Aetypic was retained by the County of Stanislaus as architect/engineer of record for a $3.6 million roofing renovation and HVAC upgrade for the Juvenile Justice Center. The 35,000 square foot Juvenile Hall Detention roof was replaced and upgrades made to the 12,500 square foot roof of the Probation Administration Building. The project entailed the replacement of the existing HVAC system, including ten multi-zone air handling units and central plant.
Aetypic provided County of Stanislaus with comprehensive analysis of existing conditions for the roof and rooftop mounted HVAC equipment of the Juvenile Justice Center and the Probation Offices. Multiple renovation and sequencing strategies were proposed. Following selection and approval of a specific strategy, the team developed the selected approach through schematic design and construction documentation.
The scope of this project included removal of multi-zone rooftop cooling units; removal of the central plant; installation of DX packaged multi-zone air conditioning units with gas heat; replacement of the roofing membranes above the Juvenile Hall Detention Facility; repair of the roofing membranes above the Probation Administration building; design of all utility connections, plumbing and ductwork, upgrade of gas distribution system and replacement of existing pneumatic control system with DDC BACnet. The team was responsible for the preparation the design criteria, performance specifications and other project-specific material sufficient to provide the basis for competitive procurement.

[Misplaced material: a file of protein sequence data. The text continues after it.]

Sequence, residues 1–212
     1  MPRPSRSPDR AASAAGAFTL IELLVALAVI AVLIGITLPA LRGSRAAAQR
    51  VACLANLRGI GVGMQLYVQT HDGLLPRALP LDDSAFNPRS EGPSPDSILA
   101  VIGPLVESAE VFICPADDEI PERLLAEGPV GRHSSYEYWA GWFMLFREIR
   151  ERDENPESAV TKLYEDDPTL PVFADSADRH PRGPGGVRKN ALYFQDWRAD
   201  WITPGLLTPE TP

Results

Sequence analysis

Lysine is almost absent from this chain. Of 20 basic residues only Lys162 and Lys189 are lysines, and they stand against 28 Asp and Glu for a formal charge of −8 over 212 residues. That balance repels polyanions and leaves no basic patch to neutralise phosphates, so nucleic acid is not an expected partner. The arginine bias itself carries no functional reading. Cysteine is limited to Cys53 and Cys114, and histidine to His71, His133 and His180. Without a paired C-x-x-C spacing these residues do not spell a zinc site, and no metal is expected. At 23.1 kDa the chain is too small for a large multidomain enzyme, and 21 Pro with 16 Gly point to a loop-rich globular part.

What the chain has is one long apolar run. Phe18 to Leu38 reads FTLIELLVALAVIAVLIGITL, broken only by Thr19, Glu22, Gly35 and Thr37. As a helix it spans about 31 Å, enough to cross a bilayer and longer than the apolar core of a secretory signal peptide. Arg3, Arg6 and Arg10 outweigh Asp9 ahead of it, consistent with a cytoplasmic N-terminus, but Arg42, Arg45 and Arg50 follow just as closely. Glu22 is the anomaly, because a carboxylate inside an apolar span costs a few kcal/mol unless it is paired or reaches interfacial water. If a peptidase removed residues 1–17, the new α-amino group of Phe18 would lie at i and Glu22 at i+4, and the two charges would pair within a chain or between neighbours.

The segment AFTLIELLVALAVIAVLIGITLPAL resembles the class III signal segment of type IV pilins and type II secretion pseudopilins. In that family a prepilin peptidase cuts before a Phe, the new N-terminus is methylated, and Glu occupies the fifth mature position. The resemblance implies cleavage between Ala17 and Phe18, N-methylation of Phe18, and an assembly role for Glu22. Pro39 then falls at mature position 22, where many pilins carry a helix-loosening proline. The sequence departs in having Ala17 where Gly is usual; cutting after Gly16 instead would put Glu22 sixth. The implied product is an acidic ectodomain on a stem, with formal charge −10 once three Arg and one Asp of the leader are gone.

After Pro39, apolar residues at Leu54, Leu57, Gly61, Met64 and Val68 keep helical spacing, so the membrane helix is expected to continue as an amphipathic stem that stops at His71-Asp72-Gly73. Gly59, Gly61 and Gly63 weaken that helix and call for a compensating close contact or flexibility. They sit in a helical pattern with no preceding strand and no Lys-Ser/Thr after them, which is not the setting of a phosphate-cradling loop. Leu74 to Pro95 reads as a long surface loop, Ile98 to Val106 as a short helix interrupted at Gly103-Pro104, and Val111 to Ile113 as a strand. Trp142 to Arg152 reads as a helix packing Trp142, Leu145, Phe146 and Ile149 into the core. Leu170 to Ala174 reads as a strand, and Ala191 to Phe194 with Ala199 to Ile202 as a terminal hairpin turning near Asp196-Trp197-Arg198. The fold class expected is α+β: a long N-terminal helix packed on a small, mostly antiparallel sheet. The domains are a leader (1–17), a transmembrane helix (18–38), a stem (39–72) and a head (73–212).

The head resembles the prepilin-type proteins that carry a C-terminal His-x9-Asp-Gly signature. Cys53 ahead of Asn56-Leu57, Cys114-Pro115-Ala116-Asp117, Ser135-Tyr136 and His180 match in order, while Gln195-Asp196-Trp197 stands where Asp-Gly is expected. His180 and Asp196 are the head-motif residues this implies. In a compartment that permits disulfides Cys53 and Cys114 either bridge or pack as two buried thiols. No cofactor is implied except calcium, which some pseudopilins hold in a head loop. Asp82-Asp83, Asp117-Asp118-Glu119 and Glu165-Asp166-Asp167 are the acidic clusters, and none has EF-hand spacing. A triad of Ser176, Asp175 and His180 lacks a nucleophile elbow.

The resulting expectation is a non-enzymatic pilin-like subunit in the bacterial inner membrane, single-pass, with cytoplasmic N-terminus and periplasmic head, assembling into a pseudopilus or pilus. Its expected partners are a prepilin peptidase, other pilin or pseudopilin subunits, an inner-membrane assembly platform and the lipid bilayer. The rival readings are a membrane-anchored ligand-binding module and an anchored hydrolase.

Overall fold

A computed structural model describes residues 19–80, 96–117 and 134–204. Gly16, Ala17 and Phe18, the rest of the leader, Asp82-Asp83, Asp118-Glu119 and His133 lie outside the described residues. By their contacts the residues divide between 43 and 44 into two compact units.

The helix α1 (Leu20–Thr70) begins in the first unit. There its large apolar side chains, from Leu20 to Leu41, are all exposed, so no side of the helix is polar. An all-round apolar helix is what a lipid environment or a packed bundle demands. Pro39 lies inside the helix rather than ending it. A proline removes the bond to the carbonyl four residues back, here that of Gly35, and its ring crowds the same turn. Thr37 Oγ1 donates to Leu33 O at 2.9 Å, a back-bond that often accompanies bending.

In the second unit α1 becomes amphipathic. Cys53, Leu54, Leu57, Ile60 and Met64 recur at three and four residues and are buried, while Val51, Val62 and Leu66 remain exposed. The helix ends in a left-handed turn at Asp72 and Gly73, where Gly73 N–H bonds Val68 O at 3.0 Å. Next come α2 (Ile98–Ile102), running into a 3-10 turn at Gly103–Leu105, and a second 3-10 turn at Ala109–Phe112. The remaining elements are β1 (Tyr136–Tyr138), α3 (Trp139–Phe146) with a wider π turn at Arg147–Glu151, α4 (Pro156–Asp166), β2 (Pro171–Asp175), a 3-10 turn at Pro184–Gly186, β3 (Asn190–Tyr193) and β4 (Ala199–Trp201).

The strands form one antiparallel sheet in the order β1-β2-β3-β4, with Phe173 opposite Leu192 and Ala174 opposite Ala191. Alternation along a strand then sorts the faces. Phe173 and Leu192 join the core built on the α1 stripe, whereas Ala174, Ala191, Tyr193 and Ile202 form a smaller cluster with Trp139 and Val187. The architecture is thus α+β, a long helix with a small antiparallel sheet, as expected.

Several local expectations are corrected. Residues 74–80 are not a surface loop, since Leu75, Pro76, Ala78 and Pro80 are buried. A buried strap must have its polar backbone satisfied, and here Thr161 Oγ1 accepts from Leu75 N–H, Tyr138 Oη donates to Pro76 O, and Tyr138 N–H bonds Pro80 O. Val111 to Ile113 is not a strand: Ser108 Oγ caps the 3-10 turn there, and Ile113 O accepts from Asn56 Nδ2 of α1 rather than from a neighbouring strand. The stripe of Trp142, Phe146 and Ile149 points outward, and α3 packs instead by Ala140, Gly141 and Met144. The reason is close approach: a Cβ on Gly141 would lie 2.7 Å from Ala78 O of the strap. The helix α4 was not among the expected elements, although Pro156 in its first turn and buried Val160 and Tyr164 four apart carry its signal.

The roof type on the base bid was a traditional hot-applied built-up roofing system with a gravel ballast on the top. The firm also provided an alternative which was Thermoplastic polyolefin (TPO) single-ply roofing membrane.
The primary design challenge was keeping all existing facilities operational 24/7 during construction.
The team carefully considered design options that offered uncompromised security and safety, with minimal disturbance to the facilities‘ occupants and personnel. The construction sequencing was divided into multiple phases to minimize the impact during equipment disconnection, roofing repair/replacement and new equipment connection and startup. Phasing was developed to stay within the parameters of the construction budget.
This project was well-suited to our multi-disciplinary approach as it included architectural, environmental, structural, mechanical, plumbing, electrical, and energy management systems.
Aetypic conducted an asbestos and lead survey prior to design. The survey focused on the collection of samples from suspect materials and paint. Findings and recommendations were detailed in the basis of design.
Aetypic’s structural engineers were responsible for calculations in accordance with CBC 2010 to determine load demands on the supporting curbs and anchorage for the new rooftop equipment. They verified the structural capacity of existing structural systems and provided sketches and construction documents including plans, details and specifications as required.